Nigeria and the rest of the world woke up to the news that Jacinda Ardern, the prime minister of New Zealand, had resigned. In an emotional speech, New Zealand’s youngest prime minister, and the third woman after Helen Clark to take charge of the country’s political and economic affairs, said she couldn’t continue in that position anymore.
According to the former Labour Party leader, she complained of lacking motivation and needed time away from the drama of politicking. In her speech, she said that she had “no more in the tank” and asked that her decision to resign be respected by all.
“Making the decision was a tough one,” Ardern told a news conference.
“This summer, I had hoped to find a way to prepare for not just another year but another term, because that is what this year requires. I have not been able to do that.
“I know there will be much discussion in the aftermath of this decision as to what the so-called “real” reason was… The only interesting angle you will find is that after going on six years of some big challenges, that I am human,” she added.
“Politicians are human. We give all that we can for as long as we can, and then it’s time. And for me, it’s time.”
She was adamant about disclosing the details, arguing that it would be better to give an explanation as to why she made that choice than to leave it to the imagination of others, particularly the media and politicians.
According to the University of Waikato graduate, she decided to leave politics because her only child was about to start school; she also felt others could do a better job; and she had a desire to settle down in marriage with her heartthrob—Clark Gayford.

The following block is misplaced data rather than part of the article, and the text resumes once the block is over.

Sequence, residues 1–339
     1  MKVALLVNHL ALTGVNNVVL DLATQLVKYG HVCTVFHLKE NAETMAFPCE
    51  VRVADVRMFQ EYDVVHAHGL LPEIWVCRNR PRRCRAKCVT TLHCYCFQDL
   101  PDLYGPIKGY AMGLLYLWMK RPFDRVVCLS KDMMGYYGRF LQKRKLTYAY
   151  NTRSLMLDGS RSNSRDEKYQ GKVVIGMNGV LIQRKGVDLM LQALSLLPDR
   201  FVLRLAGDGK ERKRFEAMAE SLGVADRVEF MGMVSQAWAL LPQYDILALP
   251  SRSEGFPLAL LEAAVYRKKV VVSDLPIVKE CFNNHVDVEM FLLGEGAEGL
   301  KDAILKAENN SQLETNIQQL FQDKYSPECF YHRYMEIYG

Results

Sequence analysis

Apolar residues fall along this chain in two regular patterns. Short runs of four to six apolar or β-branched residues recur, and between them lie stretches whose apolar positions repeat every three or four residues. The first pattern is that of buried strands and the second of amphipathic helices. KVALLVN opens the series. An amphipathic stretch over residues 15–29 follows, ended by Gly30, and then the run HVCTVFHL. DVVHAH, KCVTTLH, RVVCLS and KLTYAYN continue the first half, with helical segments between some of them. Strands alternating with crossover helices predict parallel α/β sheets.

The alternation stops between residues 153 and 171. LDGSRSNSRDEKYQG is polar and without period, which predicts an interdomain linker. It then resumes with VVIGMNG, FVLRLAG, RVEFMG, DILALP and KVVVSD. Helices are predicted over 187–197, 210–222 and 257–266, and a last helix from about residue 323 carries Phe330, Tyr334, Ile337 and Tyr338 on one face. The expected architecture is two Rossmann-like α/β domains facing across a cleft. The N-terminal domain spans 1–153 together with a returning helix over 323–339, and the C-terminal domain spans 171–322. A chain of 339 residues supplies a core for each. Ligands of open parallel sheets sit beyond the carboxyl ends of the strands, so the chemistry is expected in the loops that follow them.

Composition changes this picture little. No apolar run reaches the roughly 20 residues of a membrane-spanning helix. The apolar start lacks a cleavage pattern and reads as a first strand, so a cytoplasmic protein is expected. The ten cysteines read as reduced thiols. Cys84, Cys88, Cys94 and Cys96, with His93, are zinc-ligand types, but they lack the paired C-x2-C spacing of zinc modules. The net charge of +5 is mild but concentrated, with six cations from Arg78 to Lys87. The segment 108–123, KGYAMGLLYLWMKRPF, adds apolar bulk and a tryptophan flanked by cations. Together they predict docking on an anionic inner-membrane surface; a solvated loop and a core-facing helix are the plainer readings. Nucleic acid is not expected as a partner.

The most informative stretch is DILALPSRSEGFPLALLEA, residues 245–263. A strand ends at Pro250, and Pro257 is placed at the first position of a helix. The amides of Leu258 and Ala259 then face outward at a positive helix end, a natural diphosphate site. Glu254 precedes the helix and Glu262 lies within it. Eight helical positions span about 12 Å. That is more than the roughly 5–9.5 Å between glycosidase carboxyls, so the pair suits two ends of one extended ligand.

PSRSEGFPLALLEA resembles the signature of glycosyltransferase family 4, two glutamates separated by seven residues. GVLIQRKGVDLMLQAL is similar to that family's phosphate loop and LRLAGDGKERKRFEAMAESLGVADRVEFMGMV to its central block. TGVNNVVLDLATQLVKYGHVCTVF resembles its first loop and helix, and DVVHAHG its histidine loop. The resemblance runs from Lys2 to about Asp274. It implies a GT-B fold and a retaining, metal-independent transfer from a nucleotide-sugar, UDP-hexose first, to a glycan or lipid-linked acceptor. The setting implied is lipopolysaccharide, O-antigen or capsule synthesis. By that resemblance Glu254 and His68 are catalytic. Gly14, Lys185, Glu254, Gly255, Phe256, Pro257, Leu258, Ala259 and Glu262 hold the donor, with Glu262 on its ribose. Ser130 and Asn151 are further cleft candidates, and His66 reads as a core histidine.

Her achievements in office can be summed up in the following boxes: COVID response, Christchurch mosque attack, social media management, and leadership style.
COVID-19 response. Her management of the COVID-19 crisis drew a lot of criticism and praise during the early stages of the spread of the virus.
“In the year 2020, Ardern faced the challenge of leading New Zealand through the coronavirus disease’s global pandemic (Covid-19). Relying on her empathy skills and communication competencies, Ardern was able to connect with her followers. At the same time, she and her leadership team were able to develop policies and procedures to mitigate the spread of the COVID-19 virus. She reached out to New Zealand citizens via live Facebook chats, often being transparent in dealing with the pandemic as a leader and a person,” Friedman stated in a publication in 2020.
Friedman went on to say that her authentic leadership style proved to be the best approach for guiding New Zealanders through the crisis, which included the implementation of national lockdowns and travel bans.
“New Zealand was able to keep the case count and number of deaths low with a COVID-19-related mortality rate of 4 per 1 million, the lowest rate of the 37 that counted in the Organization for Economic Cooperation and Development countries,” Baker, Wilson, and Anglemyer said in 2020 about the exceptional result of keeping the coronavirus spread and death rate at a very low rate. In total, New Zealand recorded the lowest mortality rate of 25 percent, making it the first country to allow people to return to schools, workplaces, and events with little or no restrictions.